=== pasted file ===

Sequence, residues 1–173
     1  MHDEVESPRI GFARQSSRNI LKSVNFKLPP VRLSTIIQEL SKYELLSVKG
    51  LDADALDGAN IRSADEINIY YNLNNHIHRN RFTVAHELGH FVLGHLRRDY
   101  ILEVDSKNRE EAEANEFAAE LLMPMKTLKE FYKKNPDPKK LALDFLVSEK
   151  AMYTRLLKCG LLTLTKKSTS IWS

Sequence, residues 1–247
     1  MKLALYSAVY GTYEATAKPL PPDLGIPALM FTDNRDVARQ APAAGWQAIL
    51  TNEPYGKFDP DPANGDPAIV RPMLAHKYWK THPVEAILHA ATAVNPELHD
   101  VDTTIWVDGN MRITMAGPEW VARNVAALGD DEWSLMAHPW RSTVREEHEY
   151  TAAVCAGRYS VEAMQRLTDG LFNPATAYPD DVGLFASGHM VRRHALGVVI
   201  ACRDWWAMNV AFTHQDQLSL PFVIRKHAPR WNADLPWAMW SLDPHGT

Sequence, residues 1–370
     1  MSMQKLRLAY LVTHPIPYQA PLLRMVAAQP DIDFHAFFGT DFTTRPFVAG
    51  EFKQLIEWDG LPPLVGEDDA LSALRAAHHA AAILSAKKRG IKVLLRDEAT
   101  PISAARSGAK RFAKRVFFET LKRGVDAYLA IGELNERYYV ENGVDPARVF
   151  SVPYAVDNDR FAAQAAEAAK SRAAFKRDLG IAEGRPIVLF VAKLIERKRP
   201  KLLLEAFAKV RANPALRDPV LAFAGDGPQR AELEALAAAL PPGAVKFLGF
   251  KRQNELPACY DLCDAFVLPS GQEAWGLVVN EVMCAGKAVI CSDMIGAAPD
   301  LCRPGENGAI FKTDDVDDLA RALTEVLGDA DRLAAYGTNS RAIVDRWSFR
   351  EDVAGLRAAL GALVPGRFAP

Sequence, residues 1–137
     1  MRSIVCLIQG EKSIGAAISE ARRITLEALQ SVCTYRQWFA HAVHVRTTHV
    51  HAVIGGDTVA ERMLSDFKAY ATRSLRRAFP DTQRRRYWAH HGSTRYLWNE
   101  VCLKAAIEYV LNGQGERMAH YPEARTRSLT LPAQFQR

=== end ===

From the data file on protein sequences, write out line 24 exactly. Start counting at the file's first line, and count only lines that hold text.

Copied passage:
   101  VCLKAAIEYV LNGQGERMAH YPEARTRSLT LPAQFQR